Hello, I'm Vincent Gainey. I work with the UK Department for International Development (DFID) as a Livelihoods Advisor. I'd like to kick off a discussion by asking whether participants feel that the cooperative model provides the best option for integrating poor smallholder producers most effectively in business and supply chains?
Great to be part of the panel today. I'm Morgane Danielou. I represent the Farming First coalition. We are an network of 130 organizations representing the world’s farmers, scientists, engineers and industry as well as agricultural development organisations. You can view our membership here: http://www.farmingfirst.org/supporters/
With one shared voice, Farming First highlights the importance of improving farmers’ livelihoods and agriculture’s potential contribution to global issues such as food security, climate change, and biodiversity.
Hello everyone. My name is Stephanie Hanson and I am the senior vice president of policy and partnerships at One Acre Fund. One Acre Fund is an agriculture organization that offers 180,000 smallholder farmers in East Africa the seed and fertilizer, financing, training, and market education that they need to significantly increase their agriculture productivity and incomes. We are a nonprofit, but we operate like a business, and believe in using business principles to serve farmers at the bottom of the pyramid.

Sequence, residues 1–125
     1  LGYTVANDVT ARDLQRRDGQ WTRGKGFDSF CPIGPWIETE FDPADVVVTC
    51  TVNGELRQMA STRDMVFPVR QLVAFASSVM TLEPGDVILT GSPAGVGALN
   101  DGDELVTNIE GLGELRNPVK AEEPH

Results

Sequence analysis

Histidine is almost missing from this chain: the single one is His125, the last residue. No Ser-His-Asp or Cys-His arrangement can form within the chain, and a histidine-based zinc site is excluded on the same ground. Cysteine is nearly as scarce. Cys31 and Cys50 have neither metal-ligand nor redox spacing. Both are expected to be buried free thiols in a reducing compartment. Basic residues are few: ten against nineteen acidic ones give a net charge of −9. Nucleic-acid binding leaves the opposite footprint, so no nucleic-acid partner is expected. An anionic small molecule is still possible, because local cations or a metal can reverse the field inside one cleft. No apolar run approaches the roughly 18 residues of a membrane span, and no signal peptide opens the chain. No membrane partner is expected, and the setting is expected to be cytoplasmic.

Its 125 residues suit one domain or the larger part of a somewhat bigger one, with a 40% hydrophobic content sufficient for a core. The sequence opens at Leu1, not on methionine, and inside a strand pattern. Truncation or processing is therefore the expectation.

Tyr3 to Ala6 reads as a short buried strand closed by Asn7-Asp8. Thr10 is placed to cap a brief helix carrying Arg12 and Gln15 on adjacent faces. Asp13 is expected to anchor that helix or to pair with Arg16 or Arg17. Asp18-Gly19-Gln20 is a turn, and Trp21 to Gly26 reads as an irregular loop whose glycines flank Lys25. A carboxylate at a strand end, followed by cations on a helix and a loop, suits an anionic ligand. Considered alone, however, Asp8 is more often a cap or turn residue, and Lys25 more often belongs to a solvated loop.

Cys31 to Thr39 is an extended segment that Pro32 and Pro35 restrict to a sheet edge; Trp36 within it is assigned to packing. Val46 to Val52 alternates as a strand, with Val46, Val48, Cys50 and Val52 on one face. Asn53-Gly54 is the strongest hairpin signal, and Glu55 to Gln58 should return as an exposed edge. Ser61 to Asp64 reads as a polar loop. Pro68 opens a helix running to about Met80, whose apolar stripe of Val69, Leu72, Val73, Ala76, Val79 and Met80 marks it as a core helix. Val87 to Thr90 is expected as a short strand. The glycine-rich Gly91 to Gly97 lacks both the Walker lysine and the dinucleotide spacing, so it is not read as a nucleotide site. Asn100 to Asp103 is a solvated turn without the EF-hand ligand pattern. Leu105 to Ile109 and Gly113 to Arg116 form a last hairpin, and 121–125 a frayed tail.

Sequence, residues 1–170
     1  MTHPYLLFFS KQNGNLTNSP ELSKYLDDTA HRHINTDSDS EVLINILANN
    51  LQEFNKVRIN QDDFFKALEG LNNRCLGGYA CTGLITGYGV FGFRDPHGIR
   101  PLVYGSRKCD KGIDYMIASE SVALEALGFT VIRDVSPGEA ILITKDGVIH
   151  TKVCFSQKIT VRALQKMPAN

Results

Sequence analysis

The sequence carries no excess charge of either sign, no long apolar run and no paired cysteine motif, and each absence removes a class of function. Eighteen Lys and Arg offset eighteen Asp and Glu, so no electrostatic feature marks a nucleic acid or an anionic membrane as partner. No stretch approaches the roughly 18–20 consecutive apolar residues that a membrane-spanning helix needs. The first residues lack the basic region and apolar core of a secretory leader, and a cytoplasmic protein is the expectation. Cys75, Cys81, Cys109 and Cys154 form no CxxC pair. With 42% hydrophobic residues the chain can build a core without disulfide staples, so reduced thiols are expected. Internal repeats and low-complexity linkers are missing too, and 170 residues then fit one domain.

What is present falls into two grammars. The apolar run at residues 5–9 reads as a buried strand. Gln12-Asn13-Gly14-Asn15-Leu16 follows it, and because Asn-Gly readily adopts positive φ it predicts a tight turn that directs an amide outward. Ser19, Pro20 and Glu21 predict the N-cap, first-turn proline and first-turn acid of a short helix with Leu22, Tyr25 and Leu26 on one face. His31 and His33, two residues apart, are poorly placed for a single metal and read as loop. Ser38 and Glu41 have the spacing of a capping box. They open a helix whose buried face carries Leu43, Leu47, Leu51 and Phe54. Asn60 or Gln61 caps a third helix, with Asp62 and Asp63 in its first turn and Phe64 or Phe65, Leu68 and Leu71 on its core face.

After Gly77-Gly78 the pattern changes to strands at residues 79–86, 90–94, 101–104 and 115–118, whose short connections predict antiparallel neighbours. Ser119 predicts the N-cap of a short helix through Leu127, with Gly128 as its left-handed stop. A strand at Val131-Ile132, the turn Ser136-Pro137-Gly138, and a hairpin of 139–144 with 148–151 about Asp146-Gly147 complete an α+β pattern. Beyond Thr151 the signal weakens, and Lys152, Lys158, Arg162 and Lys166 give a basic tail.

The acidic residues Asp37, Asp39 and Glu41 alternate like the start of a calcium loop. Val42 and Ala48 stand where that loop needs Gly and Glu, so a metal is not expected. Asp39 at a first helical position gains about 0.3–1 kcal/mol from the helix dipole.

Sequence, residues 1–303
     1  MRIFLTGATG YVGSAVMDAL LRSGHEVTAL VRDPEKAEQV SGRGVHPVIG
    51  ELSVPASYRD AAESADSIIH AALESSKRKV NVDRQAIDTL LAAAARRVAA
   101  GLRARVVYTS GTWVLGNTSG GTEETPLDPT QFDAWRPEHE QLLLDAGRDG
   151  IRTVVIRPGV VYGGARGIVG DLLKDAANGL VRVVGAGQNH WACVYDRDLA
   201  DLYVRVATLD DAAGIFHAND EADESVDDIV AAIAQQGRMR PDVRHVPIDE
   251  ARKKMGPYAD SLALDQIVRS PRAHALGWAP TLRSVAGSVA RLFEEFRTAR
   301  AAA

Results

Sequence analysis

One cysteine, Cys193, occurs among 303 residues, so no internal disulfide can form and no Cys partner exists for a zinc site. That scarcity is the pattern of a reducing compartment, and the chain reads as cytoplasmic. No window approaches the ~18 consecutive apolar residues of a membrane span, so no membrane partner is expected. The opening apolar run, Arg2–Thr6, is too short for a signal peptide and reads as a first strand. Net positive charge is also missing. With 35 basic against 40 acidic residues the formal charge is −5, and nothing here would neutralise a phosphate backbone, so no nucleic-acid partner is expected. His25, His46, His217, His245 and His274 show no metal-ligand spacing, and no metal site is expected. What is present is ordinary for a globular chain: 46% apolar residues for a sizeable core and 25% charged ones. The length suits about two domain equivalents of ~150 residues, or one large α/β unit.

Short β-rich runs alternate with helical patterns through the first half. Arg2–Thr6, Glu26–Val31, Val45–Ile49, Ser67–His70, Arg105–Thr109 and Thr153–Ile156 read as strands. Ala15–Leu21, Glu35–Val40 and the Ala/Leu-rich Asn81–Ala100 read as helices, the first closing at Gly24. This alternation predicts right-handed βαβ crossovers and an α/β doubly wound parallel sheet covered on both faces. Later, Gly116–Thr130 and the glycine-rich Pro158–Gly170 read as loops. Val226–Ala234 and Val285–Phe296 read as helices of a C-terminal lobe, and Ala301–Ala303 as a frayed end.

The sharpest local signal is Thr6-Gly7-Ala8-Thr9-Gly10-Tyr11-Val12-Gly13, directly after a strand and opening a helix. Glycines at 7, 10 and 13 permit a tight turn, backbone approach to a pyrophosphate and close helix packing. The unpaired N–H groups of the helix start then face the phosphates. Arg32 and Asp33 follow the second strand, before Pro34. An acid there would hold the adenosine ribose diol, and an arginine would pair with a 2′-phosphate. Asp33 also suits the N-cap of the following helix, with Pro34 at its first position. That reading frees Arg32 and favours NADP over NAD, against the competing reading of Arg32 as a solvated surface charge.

Ok - let's kick off with the first question...
Q1: What are some of the most innovative models that are having a real impact on the livelihoods of people at the BoP?
Hi Vincent, great question. CARE works with cooperatives in dozens of countries world-wide, and often we find that there are as many challenges as opportunities. On the one hand, cooperatives offer a way to make value chains more inclusive and to shift market power to the BOP. On the other hand, cooperative dynamics are generally a reflection of the broader social environment, which is to say they often exclude women or are subject to corruption or capture by elites.